What happens when cryptocurrency becomes one of the most desired forms of money? Everyone takes notice. That includes hackers.
What happens when cryptocurrency becomes one of the most desired forms of money? Everyone takes notice. That includes hackers. This time cybercriminals have set their eyes on Monero, a highly sought after, private and untraceable cryptocurrency.
Researchers from Proofpoint discovered a Monero mining botnet called Smominru (aka Ismo) that spreads using the EternalBlue exploit.1 This exploit, which was created by America's National Security Agency (NSA), was leaked by a hacking group called Shadow Brokers in April 2017. EternalBlue was responsible for the debilitating WannaCry ransomware attack that infected over 200,000 computers all over the world.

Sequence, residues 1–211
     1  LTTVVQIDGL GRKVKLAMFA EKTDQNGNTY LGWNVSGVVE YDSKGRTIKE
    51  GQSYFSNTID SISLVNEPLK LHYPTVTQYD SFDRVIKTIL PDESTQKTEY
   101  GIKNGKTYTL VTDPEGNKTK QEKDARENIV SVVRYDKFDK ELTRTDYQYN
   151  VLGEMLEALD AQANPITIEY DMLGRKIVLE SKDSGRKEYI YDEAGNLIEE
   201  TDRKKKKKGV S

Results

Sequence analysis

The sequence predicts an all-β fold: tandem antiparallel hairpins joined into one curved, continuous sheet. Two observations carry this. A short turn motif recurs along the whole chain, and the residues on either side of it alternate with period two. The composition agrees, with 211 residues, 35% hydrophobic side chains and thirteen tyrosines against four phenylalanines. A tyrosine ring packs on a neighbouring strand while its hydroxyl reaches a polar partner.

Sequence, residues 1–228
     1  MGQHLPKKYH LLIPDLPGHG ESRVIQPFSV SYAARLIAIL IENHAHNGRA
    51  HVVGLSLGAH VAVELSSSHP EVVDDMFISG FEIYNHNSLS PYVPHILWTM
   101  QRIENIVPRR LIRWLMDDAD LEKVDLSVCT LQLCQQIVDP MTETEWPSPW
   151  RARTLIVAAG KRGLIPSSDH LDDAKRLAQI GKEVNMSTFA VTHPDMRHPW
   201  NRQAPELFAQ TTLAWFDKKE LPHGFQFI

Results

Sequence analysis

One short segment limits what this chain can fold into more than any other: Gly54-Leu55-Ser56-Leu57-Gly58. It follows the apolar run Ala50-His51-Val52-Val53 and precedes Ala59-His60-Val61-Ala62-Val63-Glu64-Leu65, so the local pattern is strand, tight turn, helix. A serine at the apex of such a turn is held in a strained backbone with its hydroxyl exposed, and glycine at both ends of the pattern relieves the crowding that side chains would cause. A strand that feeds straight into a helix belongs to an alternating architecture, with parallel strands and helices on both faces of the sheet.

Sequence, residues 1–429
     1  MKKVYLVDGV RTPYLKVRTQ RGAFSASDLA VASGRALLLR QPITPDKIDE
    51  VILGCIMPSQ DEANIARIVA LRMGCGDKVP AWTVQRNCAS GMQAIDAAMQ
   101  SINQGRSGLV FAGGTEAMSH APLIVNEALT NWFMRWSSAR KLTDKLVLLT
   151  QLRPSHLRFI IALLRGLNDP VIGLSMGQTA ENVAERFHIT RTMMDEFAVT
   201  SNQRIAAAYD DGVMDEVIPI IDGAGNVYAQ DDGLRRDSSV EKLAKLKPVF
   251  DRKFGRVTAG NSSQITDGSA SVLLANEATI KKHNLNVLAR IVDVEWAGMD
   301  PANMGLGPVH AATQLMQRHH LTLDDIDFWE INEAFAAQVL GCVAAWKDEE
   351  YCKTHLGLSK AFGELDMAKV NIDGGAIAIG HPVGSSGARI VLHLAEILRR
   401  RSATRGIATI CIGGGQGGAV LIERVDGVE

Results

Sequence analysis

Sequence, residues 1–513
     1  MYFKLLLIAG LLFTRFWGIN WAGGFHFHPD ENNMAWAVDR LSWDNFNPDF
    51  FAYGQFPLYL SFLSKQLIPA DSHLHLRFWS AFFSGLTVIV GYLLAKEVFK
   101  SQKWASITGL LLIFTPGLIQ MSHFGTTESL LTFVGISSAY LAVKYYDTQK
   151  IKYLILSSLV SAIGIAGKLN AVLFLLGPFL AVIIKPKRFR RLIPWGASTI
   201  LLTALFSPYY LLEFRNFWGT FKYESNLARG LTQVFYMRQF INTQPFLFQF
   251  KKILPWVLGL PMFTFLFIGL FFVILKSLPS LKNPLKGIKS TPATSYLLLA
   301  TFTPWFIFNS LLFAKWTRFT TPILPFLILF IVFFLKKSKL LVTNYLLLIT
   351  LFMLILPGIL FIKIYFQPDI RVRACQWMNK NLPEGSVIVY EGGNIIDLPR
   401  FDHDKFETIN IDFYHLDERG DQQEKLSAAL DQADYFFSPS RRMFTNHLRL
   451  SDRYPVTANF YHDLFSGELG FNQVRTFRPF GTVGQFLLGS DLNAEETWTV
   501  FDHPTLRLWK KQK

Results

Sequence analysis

What is the Smominru botnet?
Smominru is a botnet that comprises over 526,000 Windows PC computers. It is known to deliver a variety of malware and Trojans to vulnerable devices, ultimately benefiting the operator by mining cryptocurrency. According to a recent report, Smominru has infected over half a million computers and could forcibly mine nearly 9,000 Monero tokens.2 At the time of writing, this amount could be worth somewhere between $2.8 to $3.6 million. According to Proofpoint, the 'hashpower,' or the speed at which mining operations unlock new units of cryptocurrency, is twice the size of other mining operations. This makes execution that much faster. Even though the bot was distributed all over the world, Russia, India and Taiwan were the most affected countries.
What precautions to take for the Smominru botnet
Just like it protected its customers from WannaCry Ransomware before it was distributed, Norton Security can help protect against Smominru. Update your Internet security suite and operating systems with the latest updates.
To check if your Norton product's definitions are up to date click here.
1 Proofpoint, "Smominru Monero mining botnet making millions for operators," January 31, 2018.
2 The Hacker News, "Cryptocurrency mining malware infected over half-million PCs using NSA exploit," January 31, 2018.
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